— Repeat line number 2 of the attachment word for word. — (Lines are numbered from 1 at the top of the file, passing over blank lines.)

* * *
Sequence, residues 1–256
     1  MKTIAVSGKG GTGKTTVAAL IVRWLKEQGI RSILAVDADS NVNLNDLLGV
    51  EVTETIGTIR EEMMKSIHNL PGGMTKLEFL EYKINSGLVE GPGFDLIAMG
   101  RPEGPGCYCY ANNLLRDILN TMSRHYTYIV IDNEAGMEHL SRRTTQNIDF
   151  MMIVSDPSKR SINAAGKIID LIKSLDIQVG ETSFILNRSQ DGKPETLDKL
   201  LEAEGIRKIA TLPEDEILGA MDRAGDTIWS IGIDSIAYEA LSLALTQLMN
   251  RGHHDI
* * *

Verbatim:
     1  MKTIAVSGKG GTGKTTVAAL IVRWLKEQGI RSILAVDADS NVNLNDLLGV